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Social media might be bad for teens’ mental health at certain age windows

Researchers are trying to figure out who’s at risk

The iPhone 13 Pro Max battery lasts a very, very long time. Screen-on time can clear 10 hours. Photo by Amelia Holowaty Krales / The Verge

Social media use is more strongly linked to bad mental health for adolescents and teenagers during years around puberty and when they’re probably about to leave home, according to a new study. Teenagers who used social media more frequently in those periods scored lower on measures of life satisfaction one year later.

Many researchers say things like Instagram and TikTok probably aren’t entirely bad for all adolescents. They’re not entirely good, either, and can cause documented problems with body image, but the impact varies: for some kids at some points in time, it might help them socialize and build relationships; for others at other times, it might be a hit to their self-esteem.

The challenge has been figuring out which teens are at risk — and when they’re at risk — so experts can develop strategies to help them.

“Adolescence is a time of such massive cognitive, biological, and social change. These changes interface with social media in very interesting ways,” says study author Amy Orben, a psychologist who heads the Digital Mental Health program at the University of Cambridge. “There’s probably a huge amount of variability between how different individuals use social media and how their life influences their use.”

It’s a particular challenge because any impact of social media on mental health is likely to be small. “Predicting mental health will always be in very small impacts because mental health and well-being are so complex,” Orben says. “Any one behavior will only be a very, very small slice of that pie.”

To drill down on the relationship, Orben and her team first looked at a survey of over 72,000 people 10 to 80 years old in the United Kingdom. They were surveyed up to seven times each between 2011 and 2018 and asked a series of questions that included their life satisfaction and the amount of time they estimated they spent on social media each day.

Narrowing in on adolescents, the team found that for people in the 16- to 21-year-old age range, both very low and very high social media use were both linked with lower life satisfaction. In 10- to 15-year-olds, there wasn’t much difference in life satisfaction between kids reporting low and high social media use. But in that group, girls with high social media use had lower life satisfaction than boys.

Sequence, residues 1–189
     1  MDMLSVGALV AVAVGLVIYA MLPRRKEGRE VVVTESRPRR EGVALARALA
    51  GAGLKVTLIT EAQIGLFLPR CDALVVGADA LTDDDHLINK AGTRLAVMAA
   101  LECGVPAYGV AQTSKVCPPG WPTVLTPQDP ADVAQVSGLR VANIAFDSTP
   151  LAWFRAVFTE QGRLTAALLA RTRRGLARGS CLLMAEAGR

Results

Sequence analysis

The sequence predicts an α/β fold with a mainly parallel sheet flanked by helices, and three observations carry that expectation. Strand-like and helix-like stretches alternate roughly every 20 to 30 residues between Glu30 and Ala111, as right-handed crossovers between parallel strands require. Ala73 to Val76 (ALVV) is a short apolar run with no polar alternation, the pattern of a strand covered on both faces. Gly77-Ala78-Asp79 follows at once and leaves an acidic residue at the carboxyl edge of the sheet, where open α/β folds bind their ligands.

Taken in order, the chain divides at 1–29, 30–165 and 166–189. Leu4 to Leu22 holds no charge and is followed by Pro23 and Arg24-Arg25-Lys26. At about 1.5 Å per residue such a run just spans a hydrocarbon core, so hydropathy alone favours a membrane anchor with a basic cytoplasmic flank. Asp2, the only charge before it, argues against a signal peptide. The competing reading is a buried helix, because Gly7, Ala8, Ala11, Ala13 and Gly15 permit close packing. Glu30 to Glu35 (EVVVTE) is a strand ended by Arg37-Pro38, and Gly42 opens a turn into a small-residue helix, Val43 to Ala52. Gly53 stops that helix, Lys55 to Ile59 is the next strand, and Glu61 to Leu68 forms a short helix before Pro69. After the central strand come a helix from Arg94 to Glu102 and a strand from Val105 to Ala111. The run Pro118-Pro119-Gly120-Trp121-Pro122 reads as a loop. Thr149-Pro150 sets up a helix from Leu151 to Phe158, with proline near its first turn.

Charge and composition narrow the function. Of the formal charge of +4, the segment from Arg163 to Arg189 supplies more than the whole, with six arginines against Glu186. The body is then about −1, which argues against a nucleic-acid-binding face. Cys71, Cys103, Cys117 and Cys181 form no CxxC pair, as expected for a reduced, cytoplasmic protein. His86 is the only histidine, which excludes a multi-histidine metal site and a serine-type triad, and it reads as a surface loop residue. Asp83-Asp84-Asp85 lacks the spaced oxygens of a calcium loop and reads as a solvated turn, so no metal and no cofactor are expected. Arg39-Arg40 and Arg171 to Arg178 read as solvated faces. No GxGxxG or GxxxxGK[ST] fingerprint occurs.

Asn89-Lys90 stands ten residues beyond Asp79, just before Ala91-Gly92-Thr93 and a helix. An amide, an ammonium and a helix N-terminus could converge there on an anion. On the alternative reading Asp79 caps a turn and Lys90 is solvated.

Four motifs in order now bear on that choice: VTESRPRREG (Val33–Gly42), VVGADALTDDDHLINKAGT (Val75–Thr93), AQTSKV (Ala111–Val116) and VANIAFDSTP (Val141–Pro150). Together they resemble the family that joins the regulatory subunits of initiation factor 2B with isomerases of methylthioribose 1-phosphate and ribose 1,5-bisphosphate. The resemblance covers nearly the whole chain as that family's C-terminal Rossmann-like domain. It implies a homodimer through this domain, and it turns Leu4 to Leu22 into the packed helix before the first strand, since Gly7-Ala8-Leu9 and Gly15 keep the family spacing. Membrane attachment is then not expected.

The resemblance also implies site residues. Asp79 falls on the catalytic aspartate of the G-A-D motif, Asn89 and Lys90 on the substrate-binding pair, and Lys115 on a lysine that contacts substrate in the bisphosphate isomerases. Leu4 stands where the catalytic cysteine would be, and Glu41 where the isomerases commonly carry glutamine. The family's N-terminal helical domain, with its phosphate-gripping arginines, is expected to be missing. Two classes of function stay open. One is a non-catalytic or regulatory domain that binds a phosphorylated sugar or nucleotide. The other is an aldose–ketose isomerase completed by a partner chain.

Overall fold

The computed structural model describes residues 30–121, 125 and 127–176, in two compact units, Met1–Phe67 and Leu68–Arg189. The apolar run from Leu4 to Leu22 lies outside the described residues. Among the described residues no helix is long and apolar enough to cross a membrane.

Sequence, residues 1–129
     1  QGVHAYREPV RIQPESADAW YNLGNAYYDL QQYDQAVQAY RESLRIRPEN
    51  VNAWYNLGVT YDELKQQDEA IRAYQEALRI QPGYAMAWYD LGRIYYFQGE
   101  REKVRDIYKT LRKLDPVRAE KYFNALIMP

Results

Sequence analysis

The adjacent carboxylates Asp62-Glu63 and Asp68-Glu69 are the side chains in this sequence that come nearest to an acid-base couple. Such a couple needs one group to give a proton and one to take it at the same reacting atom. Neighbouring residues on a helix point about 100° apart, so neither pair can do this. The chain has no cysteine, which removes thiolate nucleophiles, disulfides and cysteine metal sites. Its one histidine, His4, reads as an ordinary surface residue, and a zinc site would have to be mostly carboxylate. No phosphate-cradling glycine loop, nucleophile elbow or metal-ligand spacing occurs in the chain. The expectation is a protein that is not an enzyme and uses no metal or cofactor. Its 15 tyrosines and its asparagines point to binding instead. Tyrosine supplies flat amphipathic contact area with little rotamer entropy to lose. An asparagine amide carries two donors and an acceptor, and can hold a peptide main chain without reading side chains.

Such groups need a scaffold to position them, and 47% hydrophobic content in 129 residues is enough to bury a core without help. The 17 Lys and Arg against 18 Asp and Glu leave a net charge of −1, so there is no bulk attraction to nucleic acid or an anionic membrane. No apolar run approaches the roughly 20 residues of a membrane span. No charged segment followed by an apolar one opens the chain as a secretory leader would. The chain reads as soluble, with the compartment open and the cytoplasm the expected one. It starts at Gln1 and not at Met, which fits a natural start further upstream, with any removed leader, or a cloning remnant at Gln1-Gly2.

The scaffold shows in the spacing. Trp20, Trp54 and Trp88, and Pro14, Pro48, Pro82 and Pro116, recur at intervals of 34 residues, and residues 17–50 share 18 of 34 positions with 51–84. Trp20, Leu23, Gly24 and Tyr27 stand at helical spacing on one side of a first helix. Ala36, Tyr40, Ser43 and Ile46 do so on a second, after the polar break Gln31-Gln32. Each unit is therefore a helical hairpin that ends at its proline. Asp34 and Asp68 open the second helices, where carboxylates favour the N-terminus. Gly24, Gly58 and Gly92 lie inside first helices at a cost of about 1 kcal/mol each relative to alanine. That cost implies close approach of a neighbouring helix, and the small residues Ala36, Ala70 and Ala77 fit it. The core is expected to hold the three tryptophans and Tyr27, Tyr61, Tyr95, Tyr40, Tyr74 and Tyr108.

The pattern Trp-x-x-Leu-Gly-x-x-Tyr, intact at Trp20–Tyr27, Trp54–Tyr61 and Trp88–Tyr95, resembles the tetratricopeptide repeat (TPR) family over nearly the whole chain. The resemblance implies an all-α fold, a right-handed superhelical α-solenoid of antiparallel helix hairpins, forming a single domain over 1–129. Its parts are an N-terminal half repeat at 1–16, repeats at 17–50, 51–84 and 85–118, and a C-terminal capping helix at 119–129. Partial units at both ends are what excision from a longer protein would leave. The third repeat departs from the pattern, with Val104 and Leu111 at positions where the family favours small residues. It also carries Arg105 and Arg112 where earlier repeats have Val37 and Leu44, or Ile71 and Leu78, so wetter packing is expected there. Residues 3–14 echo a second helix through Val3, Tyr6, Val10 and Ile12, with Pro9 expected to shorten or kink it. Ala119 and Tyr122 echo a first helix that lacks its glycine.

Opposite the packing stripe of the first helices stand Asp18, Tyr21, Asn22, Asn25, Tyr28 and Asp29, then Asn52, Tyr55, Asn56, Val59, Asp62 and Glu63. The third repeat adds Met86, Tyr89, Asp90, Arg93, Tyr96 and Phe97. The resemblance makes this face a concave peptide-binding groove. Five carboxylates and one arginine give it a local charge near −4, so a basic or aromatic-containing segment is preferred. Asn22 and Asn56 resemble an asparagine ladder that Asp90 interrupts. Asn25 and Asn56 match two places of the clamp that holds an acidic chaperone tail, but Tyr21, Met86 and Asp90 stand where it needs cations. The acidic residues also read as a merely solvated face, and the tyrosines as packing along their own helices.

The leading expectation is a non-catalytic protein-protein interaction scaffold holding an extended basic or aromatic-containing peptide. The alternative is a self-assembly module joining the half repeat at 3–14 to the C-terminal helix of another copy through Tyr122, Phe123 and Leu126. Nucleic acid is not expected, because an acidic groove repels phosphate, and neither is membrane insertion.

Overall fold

The team also examined data from a survey given to over 17,000 10- to 21-year-olds, identifying separate windows for boys and girls in their early teens where higher social media use was linked with lower life satisfaction a year later — 14 to 15 for boys and 11 to 13 for girls. The relationship showed up for both sexes at age 19. The windows seem to map on to the start of puberty for both boys and girls (girls tend to hit puberty earlier) and a major social transition — many young adults in the UK leave home at around 19.

Other types of research could help figure out the reasons for those windows, Orben says: studies looking at things like sensitivity to social rejection or impulse control, compared with these sorts of data sets, could help understand why kids at certain ages might have worse experiences after using social media.

Orben cautioned that there are limitations to the study — it can’t show that social media use caused changes in life satisfaction, just that there’s a relationship. It also relies on people reporting how much they use social media, which could be inaccurate. That’s a challenge for most social media research. Companies like Meta don’t give researchers access to internal data that could give scientists a more objective look at social media use — things like how long people use the platforms or who they’re interacting with.

Future research could help identify the groups of adolescents and teenagers who might have the most negative impacts from social media. “Understanding who’s impacted, to what extent, how, and why helps create a better environment to negate those risks,” Orben says. Social media isn’t like sugar, she stresses — but experts understand the health impacts of things like sugar. They can give some people small policy nudges (like how the UK banned candy bars from checkout lines). They can also give people with existing health conditions, like diabetes, more direct help around their sugar intake.

Experts want to create similar policy frameworks or recommendations for social media, which could help keep especially vulnerable people from experiencing negative effects. But they need to get a better handle on the problem first — they still don’t have enough understanding of who might benefit from what type of help, Orben says. “We don’t fully understand the problem. So we can’t address it.”